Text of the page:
I love this post! I completely agree that a so-so dish can go to amazing with the right seasoning.

    I am definitely going to try these suggestions.

  6. Wokintime
    August 15, 2011 at 8:42 am | | Reply

    I don’t know if I have the experience yet to stand loosely in front of the plate and completely wing it. But I love this post and really, maybe I’ll give it a go sometime this week for dinner. I love the ideas you bring to the table Angie. Always challenging your readers!

  7. Apple @Polkadotsandchopsticks
    August 15, 2011 at 11:59 pm | | Reply

    That pumpkin looks delicious! I love your tips on seasoning. I’ll have to experiment more.

  8. Magic of Spice
    August 16, 2011 at 8:26 pm | | Reply

    Did I mention yet how excited I am that you are including vegetarian dishes, or thoughts on them :) Although I am both trained as well as can appreciate meat based dishes, I hunger for exceptional examples of flavorful non meat dishes… splendid!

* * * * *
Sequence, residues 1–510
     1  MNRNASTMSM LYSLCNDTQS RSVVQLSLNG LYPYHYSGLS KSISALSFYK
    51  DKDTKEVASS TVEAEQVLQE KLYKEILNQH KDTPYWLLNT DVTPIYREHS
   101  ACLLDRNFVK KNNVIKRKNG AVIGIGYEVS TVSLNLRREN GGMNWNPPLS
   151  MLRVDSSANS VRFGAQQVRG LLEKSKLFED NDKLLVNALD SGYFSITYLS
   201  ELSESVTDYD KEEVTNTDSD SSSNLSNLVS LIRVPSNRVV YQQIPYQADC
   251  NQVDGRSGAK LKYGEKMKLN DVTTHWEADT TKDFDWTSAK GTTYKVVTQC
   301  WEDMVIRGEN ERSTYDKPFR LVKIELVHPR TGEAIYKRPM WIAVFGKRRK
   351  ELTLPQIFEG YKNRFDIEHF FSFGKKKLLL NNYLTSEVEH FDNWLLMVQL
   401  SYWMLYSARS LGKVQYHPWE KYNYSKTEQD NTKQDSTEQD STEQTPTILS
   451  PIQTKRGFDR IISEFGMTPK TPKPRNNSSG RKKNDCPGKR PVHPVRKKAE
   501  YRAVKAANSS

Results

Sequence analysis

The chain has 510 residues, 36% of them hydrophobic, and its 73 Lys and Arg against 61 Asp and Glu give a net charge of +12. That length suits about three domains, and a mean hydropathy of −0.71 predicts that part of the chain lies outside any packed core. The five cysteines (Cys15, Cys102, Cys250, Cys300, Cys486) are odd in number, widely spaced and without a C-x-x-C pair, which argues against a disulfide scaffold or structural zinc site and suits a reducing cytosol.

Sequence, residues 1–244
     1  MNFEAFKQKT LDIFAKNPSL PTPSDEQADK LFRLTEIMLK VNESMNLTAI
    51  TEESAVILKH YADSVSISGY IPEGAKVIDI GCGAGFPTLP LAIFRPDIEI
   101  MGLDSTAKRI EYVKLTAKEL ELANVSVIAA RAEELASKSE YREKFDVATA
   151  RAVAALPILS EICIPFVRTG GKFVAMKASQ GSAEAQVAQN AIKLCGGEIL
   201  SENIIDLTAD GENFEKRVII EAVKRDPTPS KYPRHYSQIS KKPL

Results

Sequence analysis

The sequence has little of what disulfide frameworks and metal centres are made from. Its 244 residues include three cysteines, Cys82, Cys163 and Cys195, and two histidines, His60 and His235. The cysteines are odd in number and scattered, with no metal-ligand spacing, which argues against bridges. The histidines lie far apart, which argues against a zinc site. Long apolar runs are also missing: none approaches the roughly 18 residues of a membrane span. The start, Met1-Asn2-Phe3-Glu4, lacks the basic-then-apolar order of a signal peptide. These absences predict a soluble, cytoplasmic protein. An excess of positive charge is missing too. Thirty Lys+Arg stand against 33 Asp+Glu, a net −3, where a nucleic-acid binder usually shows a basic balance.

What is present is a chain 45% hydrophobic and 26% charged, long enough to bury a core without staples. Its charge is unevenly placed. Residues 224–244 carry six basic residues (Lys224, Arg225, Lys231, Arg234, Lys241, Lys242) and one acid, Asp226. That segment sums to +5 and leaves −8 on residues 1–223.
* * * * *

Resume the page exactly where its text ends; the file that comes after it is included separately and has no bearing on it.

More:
Hope you are having a great week, hugs…

  9. Caffettiera
    August 18, 2011 at 1:22 pm | | Reply

    I dream of visiting Petersham Nurseries since when I first moved to the UK. Skye Gingell is such a creative chef, judging from her recipes, and from what you say she sounds like a very inspiring personality too.
    I’ll try the fairy dust seasoning very soon, but I’m not too sure I can take the right attitute: I am a bit tense lately. I’ll try to let my tension go next time I cook and see if the food tastes any better :)

    Just a small note: as you probably know, real parmigiano reggiano is not suitable for vegetarians since it is made with animal rennet.

  10. Susan
    August 19, 2011 at 12:17 pm | | Reply

    Skye’s approach is interesting … the fact that the herbs and cheese and zests are so finely prepped is key, yes? So light that the flavours can be a slight nuance and onward , depending on the taste of the cook or the diner … great ideas and a great list of flavours!